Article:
If you’re in the Boston area, you’ll do a virtual consult first, and then come in to the clinic for an in person examination.

You’re not alone, there is NO shame and there IS help!

At our clinic, we have tried MOST lubricants and this one is by far our favorite! Good clean love is a certified organic water based lubricant that is pH balanced. It’s made with aloe vera and NO chemicals. Why is lubricant so important? Because we’re using it INTERNALLY! The vaginal wall is highly permeable and soaks up all things. Listen to your pelvic floor therapists at the Institute for Pelvic Health when we say, invest in your lubricant. We have done the research for you:)

And we love that Good Clean Almost Naked lubricant is the first carbon neutral personal lubricant. For every bottle purchased, Good Clean Love donates to a project that reduces greenhouse gases and that makes us feel GOOD!
Helping your patients maintain their pelvic health is key to maintaining both their sexual and overall health.
-Pelvic health fact: Healthy vaginal pH is 3.8 to 4.5 and rectal pH is about 7.0. Lubricant should have a pH value similar to your tissues or slightly higher to prevent infections.

-Pelvic health fact: Osmolalities of less than 380 mOsm/kg or at most 1200mOsm/kg are recommended by the World Health Organization. Lubricants that meet this criteria include: Good Clean Love and Sliquid and have osmolalities less than 316 mOsm/kg.

We have no affiliate relationship with Good Clean Love

Do you feel dry? Do you have burning with urination when there is no evidence of a urinary tract infection? Do you feel dry during sex? Have you recently had a baby? Are you going through or have you gone through menopause? If so, please do consider some lubrication for your labia; try vital vulva, a wonderfully soothing salve made from wild yams. Also consider a vaginal moisturizer, like Hyalo Gyn, made from hyaluronic acid 2-3 times a week. And do use a lubricant for intercourse; a lot inside of you and also on your partner. Try Slippery Stuff. Visit the resources page of pelvichealthsupport.com to learn more. And let’s lube it up!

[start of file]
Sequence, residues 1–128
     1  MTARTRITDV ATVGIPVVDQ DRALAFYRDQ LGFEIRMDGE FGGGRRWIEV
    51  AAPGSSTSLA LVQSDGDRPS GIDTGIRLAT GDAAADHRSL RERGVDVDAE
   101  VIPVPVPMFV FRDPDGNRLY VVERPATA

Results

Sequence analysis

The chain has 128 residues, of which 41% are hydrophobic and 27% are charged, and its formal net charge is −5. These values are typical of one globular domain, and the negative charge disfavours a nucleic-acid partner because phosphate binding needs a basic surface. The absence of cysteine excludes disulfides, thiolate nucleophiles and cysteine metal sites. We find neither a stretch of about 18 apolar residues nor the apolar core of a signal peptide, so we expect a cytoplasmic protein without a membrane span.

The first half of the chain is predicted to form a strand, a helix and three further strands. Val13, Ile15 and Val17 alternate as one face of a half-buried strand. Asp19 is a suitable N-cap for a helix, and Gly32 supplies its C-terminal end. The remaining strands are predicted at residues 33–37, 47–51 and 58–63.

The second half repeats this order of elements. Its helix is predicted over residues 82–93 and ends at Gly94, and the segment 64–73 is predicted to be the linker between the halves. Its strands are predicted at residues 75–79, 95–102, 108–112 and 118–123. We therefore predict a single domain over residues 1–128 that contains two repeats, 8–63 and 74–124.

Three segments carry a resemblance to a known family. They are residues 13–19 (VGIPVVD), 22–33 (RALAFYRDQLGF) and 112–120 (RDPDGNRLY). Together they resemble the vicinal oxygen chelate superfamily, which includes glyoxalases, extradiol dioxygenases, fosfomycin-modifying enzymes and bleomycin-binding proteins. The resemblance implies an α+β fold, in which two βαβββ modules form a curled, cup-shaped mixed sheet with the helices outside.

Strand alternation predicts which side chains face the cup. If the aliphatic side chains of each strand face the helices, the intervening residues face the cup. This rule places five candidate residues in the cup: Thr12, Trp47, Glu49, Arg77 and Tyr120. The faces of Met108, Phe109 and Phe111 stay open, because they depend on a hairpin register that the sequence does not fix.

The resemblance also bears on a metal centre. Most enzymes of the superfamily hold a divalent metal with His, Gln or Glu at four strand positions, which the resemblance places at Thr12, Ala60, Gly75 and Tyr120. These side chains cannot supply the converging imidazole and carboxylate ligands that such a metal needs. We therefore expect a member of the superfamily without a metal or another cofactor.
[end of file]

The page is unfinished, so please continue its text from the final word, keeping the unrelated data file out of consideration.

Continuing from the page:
Does it hurt to have something inside of your vagina? It is hard to put something inside a vagina that isn’t quite ready. Foreplay, masturbation, kissing, gentle touching…..all promote blood flow to the vagina. Think about a cold day; you start your car ahead of time and let it warm up; it is exactly the same thing of the muscles inside of the vagina.
Whether or not you reach orgasm, promoting blood flow to your vagina is healthy for the muscles of your vagina (ie your pelvic floor). And it most likely feel good:) Another bonus!

Pelvic pain and the pelvic floor are difficult to talk about. Pelvic Health Support is here to help women, men and transgender people learn about the pelvis both externally and internally, to alleviate pelvic pain. If we have shoulder pain, we go to our healthcare provider and have a thorough exam; we are given a stretching routine; some patient education; perhaps a referral for physical therapy and/or massage therapy. Why isn’t this happening when we go to our healthcare provider and tell them we have pelvic pain? The mission of Pelvic Health Support is to raise awareness of the pelvic floor!